Emerging from the Fog of the Newborn Stage

img_2567The first few weeks of John’s life are mostly a blur now.  I have vague memories of those first months with John, but mostly I remember the emotions.  I remember feeling overwhelmed in the hospital with so many people in my room- nurses, doctors, technicians, men and women who took my baby boy away to be poked and prodded, family members and friends.  And I remember feeling equally overwhelmed when suddenly I found myself alone with my baby, no one around to help me anymore.  I remember the frustration of nursing, the pressure to do something that I did not want to do.  I remember the high that I felt during those first sleepless nights, the sense that I was invulnerable to sleep exhaustion.  And I remember the crash, weeks later, when I realized that I could not keep it up forever.  I remember anxiously watching the clock, waiting for my husband to get home, knowing that I already had an excuse to drive out to Target, so that I could have thirty minutes to myself.  And I remember doubting that I would ever feel like I had my life together ever again.

I can remember those first few months in stages.  I remember the first three weeks, the monotony of sleeping, nursing, sleeping, nursing, for hours on end.  I remember struggling through flipped days and nights, when John would sleep in four hour blocks during the day, but then be up every hour throughout much of the night.  I remember sitting in my rocking chair, John asleep in my arms, wondering if I would ever bond with him, would ever feel that overwhelming sense of love that other mothers had spoken of.  I remember questioning my decision to become a mother.

img_2544I remember the turning point, my choice to switch to formula.  I remember the sense of relief as I sat down with John to give him his first bottle, the breath that I let out, the breath that I had been holding for the past three weeks, as he guzzled it down.  I remember the next three weeks as a cycle of worry that no one supported my decision, my frustration when John fought his bottle, my fear that I was just being selfish in choosing my own happiness over John’s health.  But I remember the love that I felt for him in those days most of all.  I remember thinking to myself, Now this is what everyone has been talking about.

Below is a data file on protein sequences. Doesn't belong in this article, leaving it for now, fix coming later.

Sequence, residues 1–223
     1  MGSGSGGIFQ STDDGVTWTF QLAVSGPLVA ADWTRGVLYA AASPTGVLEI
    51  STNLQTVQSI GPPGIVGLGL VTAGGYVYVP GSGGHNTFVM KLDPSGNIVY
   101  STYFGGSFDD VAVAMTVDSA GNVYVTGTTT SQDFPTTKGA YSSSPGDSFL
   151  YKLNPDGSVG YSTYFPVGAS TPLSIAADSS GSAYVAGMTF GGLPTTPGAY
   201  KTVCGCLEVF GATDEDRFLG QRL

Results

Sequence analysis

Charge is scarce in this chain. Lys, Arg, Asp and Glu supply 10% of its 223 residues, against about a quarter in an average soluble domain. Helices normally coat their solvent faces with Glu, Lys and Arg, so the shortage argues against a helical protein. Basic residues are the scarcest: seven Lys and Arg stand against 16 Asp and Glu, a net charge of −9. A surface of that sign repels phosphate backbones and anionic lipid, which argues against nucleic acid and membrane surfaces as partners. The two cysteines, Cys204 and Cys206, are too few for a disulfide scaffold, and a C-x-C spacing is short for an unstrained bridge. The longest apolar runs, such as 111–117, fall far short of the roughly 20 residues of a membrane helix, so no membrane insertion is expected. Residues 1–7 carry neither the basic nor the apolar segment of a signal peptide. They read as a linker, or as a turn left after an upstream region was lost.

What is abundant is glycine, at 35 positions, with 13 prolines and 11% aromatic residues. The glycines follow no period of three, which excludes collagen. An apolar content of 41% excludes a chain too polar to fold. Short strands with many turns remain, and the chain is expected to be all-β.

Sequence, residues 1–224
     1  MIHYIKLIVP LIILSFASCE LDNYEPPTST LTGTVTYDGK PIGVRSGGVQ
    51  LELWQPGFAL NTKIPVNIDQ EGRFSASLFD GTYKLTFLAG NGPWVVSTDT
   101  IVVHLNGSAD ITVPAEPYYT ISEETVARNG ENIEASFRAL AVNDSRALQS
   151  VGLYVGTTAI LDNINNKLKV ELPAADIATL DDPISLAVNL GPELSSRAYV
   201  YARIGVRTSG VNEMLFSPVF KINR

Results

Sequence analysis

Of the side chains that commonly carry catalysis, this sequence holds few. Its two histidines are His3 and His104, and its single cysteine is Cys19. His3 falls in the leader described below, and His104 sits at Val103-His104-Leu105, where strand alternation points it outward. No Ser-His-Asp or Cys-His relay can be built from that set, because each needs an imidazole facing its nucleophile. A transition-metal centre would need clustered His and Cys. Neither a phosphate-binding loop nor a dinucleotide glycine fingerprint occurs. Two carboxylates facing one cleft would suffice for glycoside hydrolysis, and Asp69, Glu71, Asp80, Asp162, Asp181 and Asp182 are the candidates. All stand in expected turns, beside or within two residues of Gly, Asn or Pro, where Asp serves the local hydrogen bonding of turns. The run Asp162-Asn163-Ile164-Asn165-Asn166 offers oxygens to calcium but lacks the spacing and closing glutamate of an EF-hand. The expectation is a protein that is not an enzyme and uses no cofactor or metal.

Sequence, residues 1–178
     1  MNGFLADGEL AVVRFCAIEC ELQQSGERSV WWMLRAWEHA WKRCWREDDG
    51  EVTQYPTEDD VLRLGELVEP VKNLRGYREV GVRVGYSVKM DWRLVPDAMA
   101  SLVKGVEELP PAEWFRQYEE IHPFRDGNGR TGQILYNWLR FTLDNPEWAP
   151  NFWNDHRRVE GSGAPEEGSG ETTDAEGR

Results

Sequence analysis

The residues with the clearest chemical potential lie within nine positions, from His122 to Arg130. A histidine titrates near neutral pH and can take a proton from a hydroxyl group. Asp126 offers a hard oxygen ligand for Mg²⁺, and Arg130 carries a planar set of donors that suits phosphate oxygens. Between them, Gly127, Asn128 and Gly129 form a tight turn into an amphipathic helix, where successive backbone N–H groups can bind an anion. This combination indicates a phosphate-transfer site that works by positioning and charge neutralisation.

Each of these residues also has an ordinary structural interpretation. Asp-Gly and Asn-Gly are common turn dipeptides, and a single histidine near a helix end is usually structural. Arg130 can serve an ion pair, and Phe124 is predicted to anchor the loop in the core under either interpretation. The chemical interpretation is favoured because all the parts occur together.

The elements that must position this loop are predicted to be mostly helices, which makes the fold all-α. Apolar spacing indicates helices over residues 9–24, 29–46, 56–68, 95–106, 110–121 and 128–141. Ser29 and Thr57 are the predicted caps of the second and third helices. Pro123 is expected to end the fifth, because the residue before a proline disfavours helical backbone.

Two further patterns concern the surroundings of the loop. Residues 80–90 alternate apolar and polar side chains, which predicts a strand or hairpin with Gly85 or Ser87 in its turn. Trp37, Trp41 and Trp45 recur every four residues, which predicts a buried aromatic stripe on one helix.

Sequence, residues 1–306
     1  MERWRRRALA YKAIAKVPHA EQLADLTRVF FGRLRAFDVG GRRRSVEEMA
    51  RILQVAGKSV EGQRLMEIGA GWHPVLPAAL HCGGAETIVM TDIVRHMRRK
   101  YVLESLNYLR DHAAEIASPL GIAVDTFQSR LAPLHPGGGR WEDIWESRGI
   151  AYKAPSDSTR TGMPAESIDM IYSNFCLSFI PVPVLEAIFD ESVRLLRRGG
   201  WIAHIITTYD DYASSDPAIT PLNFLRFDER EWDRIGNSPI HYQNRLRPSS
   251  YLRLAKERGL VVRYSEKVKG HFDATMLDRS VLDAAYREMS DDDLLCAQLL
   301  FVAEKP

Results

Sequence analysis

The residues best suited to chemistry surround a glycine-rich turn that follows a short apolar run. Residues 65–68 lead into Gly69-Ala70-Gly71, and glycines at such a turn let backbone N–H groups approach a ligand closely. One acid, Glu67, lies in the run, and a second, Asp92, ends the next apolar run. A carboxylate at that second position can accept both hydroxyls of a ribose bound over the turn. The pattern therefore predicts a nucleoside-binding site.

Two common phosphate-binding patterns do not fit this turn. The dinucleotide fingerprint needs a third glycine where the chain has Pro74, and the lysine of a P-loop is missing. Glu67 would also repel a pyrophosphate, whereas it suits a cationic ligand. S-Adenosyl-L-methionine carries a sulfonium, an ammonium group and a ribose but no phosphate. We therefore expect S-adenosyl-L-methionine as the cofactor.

And yet I still didn’t feel like I had a grasp on my life.  John was still very uncomfortable, and when he wasn’t sleeping, Andrew and I were trying desperately to stop his crying, especially in the evening.  We bounced, rocked, paced, and tried every trick that we could find online.  Even when he was content, which he was often during the day, his face and clothing were often marked with spit-up, and we were constantly mopping him up.  We changed his formula, added an acid-reflux variety, but there was only a small improvement.  Like so many newborns, John’s gastrointestinal tract was not fully developed and caused him pain, and like so many new parents, Andrew and I tried everything to make John comfortable.

img_2577Evenings were the worst, and we became very familiar with the so-called witching hour.  From around 5PM until bedtime, John could be inconsolable.  His evening discomfort reached its peak around the two month mark, and I remember turning down multiple dinner invites because it was too stressful to go out with him in public at that time.  Thankfully, he was sleeping well at night, thanks to a combination of a pacifier and his swing, which made the days more manageable.

It was right around the three month mark that I really felt like I had figured out motherhood, at least enough to really enjoy it.  The fog of the newborn stage had faded, and though I was on the brink of the four month sleep regression, I actually felt like I could handle it- which I did, with the help of some sleep training and the support of my husband.  We’ve had some rough times since the three month mark- in the last five months, John has been both a great sleeper and an awful one, he has guzzled down bottles and fought them with every fiber of his being, he has both laughed and cried, but I have been able to really enjoy my time with John.  That sense of drowning, so pervasive during the newborn stage, is gone.  Now, even when things are difficult, I still feel as though I can keep my head above water.

img_2545When I was pregnant, I read plenty of women’s reflections on the fogginess and darkness that often accompanies those first few weeks and months with a newborn baby.  I knew of its existence, but I just couldn’t prepare myself for it.  Not fully.  But I did find small things that made those weeks more bearable, while I waited for the moment that everyone promised, the moment where the fog lifted and you could see the light.  I took warm showers nearly every day.  I took short walks by myself, and quick trips to Target, just to get out of the house and away for a while.  I treated myself to Starbucks from time to time, slowly meandering around the mall while I sipped it.  I continued my habit of reading before bed, one of the few traditions that carried over into my life as a mother.  These little things kept me going, kept me sane during those first three months of motherhood when life was so overwhelming.  They gave me strength until I finally emerged from the fog of the newborn stage, when my son, the light of my life, turned his little face toward mine and gave me the brightest smile I had ever seen.  And all I could do was smile back.

Mary Help of Christians, pray for us!

One thought on “Emerging from the Fog of the Newborn Stage

  1. Beautifully written. It makes me remember the struggles that I had with my kids during the first 3 months; and the judgement that I got from people when I decided not to breastfeed. Hang in there; you’re doing great, momma!

    One Awesome Momma

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